1 Modern Japanese Prints: An Art Reborn, Oliver Statler, Charles E. Tuttle Company, 1956, p. 36-37.
2 Speaking of the influence of Western art on his work Hiratsuka said "Western art gave me my technique but Japanese art gave me my approach." Ibid. p. 39.
4 Ibid. p. 200.
6 Ibid. p. 205.
Shin Tokyo yahakkei (One Hundred Views of Tokyo)
Source: Modern Japanese Woodblock Prints - The Early Years, Helen Merritt, University of Hawaii Press, 1998, p.276-278.
Hiratsuka recalls that this series was planned so that many aspects of Tokyo could be “remembered by people for a long time.”1
1 "Shin Tokyo Hyakkei: The Eastern Capital Revisited by the Modern Print Artists," James B. Austin from the magazine Ukiyo-e Art A Journal of the Japan Ukiyo-e Society, No. 14, 1966.
Source: Modern Japanese Woodblock Prints - The Early Years, Helen Merritt, University of Hawaii Press, 1998, p. 204, 208 and as footnoted.
Throughout the 1920s Hiratsuka taught workshops in many parts of Japan and also taught at Kanae Yamamoto's farm people's school1 in Shinshu. He taught the first print classes in 1935 at the Tokyo Art School and in 1943 he was hired by Peking National University of Art to teach the print arts (although he refused to work directly for the government during World War II.) After the war he set up his own school in Tokyo along with establishing the Matsue Arts and Crafts Institute in his hometown.2
Hiratsuka was also a collector and the influence, both physical and spiritual, of the things he collected is seen in his work. Originally intrigued by foreign textbooks which he collected at a young age, he expanded his collecting to Buddhist prints and rubbings, roof tiles, Judaica and bibles in various languages.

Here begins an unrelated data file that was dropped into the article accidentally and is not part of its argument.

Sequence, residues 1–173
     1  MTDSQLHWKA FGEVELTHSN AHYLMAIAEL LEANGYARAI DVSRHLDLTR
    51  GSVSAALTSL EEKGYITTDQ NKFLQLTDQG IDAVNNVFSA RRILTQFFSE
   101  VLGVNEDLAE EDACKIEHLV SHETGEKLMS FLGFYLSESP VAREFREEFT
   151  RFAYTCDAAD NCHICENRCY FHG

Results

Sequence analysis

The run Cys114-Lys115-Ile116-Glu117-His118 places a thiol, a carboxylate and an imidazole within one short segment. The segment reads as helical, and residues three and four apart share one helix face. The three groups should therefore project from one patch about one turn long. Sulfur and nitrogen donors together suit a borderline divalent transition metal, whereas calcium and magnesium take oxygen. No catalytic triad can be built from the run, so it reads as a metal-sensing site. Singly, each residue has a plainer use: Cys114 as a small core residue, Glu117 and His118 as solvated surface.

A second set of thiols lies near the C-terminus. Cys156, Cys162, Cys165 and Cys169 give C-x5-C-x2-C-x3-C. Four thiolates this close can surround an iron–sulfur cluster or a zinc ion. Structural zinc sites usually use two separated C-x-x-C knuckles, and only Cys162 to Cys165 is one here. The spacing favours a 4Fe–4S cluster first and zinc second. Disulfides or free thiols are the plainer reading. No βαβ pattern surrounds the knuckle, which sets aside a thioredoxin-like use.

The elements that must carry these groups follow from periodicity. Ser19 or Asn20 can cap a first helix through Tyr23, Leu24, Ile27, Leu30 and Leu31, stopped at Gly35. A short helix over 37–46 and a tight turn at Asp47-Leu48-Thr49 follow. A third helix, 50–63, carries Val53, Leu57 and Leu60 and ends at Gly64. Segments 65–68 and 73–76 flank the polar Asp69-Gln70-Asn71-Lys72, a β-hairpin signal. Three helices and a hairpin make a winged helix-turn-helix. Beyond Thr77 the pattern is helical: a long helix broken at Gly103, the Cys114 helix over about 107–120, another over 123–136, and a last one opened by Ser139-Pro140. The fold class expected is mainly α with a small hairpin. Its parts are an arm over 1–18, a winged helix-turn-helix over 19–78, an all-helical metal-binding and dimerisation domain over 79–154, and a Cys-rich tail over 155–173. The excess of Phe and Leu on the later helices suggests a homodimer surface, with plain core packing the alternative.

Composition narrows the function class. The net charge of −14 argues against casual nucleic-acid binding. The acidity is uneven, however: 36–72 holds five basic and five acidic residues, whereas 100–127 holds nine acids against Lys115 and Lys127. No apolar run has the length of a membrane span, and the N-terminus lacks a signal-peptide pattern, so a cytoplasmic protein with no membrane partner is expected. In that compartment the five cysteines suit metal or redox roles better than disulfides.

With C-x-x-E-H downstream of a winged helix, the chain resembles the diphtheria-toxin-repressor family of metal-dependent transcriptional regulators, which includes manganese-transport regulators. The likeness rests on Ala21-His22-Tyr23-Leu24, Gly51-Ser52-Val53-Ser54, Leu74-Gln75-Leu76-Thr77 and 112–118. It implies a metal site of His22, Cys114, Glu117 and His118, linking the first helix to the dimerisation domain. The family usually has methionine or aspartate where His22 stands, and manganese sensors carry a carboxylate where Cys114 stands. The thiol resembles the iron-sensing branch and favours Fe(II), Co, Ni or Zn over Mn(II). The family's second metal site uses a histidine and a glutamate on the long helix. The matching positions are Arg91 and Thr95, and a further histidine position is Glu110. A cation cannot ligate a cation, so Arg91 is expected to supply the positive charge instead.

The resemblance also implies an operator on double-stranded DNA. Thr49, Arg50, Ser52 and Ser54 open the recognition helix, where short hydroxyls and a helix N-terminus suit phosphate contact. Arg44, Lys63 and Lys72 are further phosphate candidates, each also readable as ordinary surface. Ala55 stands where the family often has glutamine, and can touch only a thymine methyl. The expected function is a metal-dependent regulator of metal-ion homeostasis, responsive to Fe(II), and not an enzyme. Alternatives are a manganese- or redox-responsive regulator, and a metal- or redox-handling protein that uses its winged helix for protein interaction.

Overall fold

2 Hiratsuka: Modern Master, Helen Merritt, et. al., Art Institute of Chicago, 2001, p.14.
Black and White Prints
Hiratsuka carving, 1982
|Up until WWII, Hiratsuka produced both multi-color and black and white
woodblock prints, but after WWII his production was almost entirely
black and white prints. Hiratsuka believed black and white to be the
"zenith of the art of picture printing" and it is the work he is most
famous for. His black and white work has been called sculptural.1
"To me black and white have always been the most beautiful of colors. For some subjects I feel that I must go into other colors, but I know that generally my work weakens when I do.